THE UNEXPECTED outcome of the presidential elections, which saw Movement for a Democratic Slovakia (HZDS) candidate Vladimír Mečiar and non-parliamentary Movement for Democracy runner Ivan Gašparovič advance to the second round, poses a number of serious questions: Why did this happen, how will it change domestic politics, and what impact will it have on the country's image abroad?
The results of the vote may be surprising at first sight, but after careful thought one finds that they are not that shocking.
It is true that Foreign Minister Eduard Kukan had been the front-runner according to all opinion polls since the time the Slovak Democratic and Christian Union (SDKÚ) announced his candidacy over a year ago.
But there are several rules one needs to keep in mind when interpreting the results of Slovak surveys. One is that the appearance of certainty weakens one's position.
This was the case in the 2002 parliamentary elections when opposition leader Robert Fico was predicted as the election winner and the country's next prime minister. Instead, the vote brought unexpected success to the underdog of those elections - the SDKÚ.
Another example is the referendum on EU entry, which took place nearly a year ago. Preliminary research showed that a safe majority would attend, leading political representatives to underestimate the need to mobilise voters.
In the end, a tight majority of around 52 percent of Slovaks participated, just barely enough for the plebiscite to be valid.
The logic behind this phenomenon is that Slovaks are not inclined to act on behalf of something that appears to be certain.
In these elections, Kukan and his SDKÚ party made the fatal mistake of appearing only too sure that he would move on to the next round, giving his supporters little motivation to go the polls.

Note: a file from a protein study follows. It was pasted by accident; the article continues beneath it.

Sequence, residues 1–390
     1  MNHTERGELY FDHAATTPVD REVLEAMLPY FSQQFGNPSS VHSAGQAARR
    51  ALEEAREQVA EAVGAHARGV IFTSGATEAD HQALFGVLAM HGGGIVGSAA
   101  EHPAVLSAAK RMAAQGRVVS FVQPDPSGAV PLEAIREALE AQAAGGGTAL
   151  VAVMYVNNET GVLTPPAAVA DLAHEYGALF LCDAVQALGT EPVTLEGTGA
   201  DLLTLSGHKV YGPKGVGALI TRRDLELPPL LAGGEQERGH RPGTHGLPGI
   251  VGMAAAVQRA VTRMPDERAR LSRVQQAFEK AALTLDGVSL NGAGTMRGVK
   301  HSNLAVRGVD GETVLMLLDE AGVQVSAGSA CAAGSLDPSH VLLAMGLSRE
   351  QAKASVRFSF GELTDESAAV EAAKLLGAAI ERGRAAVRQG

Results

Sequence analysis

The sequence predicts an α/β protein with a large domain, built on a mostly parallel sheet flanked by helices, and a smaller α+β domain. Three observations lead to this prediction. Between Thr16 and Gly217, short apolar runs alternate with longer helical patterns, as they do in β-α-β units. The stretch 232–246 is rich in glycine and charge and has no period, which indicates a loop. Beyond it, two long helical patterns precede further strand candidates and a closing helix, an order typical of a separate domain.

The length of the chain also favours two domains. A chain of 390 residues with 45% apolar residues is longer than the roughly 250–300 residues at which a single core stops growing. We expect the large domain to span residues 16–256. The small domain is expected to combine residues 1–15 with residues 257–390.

The sad fact is that, had voters known the results in advance, they would have been different.
Kukan's campaign is also to blame for the elections disaster. His spin-doctors decided not to let their candidate attack others, which is usually a good move in any election, be it in Slovakia or abroad.
Yet in this case, pointing out his enemies' faults would have been incredibly simple. One of Kukan's defeaters, Mečiar, is well known for the authoritarian methods he used as the prime minister of the country, which he brought into international isolation and near economic collapse.
Much of the current high unemployment was caused by wild Mečiar-era privatisation and the former PM has been implicated in a number of cases of abusing security forces in fights against political adversaries.
That is not to mention Mečiar's personal wealth, the origin of which he continues to have trouble explaining.
The voters got to hear absolutely none of this in Kukan's campaign. Only he knows why.